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I'm trying to determine the effects of four treatments on flowers on the volume of nectar available to pollinators. Problem is, I have about 50% zero volumes across treatment categories. What is the best approach to comparing mean volumes between treatments?

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  • $\begingroup$ If there are "lots of zeros" ... how is it continuous? And if it's continuous, why is "Poisson" one of your tags? $\endgroup$ – Glen_b Oct 7 '13 at 23:18
  • $\begingroup$ @Glen_b There could be lots of zeroes and continuous data. E.g. if you asked "total number of miles traveled by air in last 12 months" of a random sample of people (technically, I guess 'miles' is a count, but it would certainly be treated as continuous). I don't know why 'Poisson' is a tag here though $\endgroup$ – Peter Flom Oct 7 '13 at 23:51
  • $\begingroup$ @PeterFlom That would be an example of a mixture distribution, not an actually continuous distribution. The portion that is above zero is continuous, certainly, but the distribution overall is not. $\endgroup$ – Glen_b Oct 8 '13 at 0:00
  • $\begingroup$ @Glen_b OK, technically you are right, but I bet this is the sort of thing that busybee means. He said "continuous response variable", which I think this is, even if it's from a mixture distribution, but I also think this gets a bit pedantic about the semantics. $\endgroup$ – Peter Flom Oct 8 '13 at 0:03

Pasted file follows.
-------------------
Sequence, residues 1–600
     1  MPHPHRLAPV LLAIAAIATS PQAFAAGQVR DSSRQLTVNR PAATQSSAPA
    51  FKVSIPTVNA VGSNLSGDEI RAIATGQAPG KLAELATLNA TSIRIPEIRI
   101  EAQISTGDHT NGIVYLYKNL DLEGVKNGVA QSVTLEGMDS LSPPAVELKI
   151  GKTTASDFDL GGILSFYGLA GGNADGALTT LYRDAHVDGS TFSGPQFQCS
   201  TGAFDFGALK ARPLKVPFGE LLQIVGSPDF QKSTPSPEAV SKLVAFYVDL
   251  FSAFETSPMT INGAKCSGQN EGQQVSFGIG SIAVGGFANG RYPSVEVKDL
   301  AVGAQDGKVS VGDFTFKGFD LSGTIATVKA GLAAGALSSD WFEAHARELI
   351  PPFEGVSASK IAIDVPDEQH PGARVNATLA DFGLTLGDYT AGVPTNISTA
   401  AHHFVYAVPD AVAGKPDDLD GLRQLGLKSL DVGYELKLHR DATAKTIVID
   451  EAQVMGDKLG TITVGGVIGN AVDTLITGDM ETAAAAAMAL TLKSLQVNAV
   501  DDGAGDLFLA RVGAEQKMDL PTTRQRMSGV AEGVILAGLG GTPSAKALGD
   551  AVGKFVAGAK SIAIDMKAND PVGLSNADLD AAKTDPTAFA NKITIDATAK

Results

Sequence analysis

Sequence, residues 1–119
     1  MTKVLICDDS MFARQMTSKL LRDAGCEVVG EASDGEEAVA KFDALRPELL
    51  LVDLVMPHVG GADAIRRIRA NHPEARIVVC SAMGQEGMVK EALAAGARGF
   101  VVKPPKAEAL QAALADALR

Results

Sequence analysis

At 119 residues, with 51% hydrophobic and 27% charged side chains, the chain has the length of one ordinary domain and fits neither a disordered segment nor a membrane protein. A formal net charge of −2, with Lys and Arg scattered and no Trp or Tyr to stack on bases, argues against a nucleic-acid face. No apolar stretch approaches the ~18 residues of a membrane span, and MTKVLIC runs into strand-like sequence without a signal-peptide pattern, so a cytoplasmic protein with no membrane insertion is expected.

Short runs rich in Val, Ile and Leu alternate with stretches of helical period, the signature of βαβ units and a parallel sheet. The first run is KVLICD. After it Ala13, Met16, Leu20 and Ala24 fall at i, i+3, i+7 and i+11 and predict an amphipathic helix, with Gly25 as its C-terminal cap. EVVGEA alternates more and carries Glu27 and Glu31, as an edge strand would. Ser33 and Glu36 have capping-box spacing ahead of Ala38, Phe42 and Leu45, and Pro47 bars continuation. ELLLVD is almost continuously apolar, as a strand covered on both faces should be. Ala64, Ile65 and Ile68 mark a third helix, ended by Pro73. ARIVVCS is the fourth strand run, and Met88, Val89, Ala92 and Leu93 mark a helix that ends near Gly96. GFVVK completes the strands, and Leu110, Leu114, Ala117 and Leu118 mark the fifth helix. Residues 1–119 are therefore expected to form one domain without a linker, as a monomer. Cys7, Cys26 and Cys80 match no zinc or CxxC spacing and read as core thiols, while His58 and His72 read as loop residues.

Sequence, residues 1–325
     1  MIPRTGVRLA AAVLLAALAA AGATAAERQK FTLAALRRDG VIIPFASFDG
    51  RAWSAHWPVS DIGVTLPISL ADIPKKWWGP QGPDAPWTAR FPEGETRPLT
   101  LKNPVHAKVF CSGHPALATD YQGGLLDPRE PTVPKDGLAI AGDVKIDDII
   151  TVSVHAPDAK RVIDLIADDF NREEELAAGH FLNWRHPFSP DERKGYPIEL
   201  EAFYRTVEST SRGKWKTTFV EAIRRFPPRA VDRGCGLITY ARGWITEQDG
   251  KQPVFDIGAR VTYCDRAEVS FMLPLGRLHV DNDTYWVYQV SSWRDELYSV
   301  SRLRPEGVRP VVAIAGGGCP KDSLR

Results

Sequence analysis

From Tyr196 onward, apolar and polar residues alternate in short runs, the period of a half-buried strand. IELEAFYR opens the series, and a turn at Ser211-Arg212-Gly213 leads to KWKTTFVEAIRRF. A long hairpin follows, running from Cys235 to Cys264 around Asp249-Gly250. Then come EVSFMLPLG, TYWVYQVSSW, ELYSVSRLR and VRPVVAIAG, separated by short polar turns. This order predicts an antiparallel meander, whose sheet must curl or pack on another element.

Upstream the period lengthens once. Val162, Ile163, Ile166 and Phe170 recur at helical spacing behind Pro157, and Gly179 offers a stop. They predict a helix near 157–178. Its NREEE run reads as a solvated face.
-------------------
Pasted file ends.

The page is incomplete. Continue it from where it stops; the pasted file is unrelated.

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    $\begingroup$ @PeterFlom It often makes a difference; for example, if one proposes to use a rank-based technique (it is stated to be continuous, so it must be okay, right?) ... but in fact that spike at zero is a problem. Better to be crystal clear about the properties of the random variables are that are at hand than let sloppiness lead us into otherwise easily-avoided errors. For example, if someone really is analyzing flight miles and for those that travel at all, a gamma distribution is a reasonable model, a zero-inflated distribution may work quite well for the overall data, ... (ctd) $\endgroup$ – Glen_b Oct 8 '13 at 0:08
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There is finite mixture model regression. In SAS you can do this with PROC FMM, see this article; in particular, example 1 deals with excess zeroes in a Poisson model (ZIP) but because of the structure of FMM you can substitute normal for poisson in the code, e.g. something like :

proc fmm data= dataset;
model dv = ivs / dist=normal;
model dv = / dist=constant;
probmodel ivs;
run;

In R there is the flexmix package, which seems to provide similar with the function FLXMRziglm.

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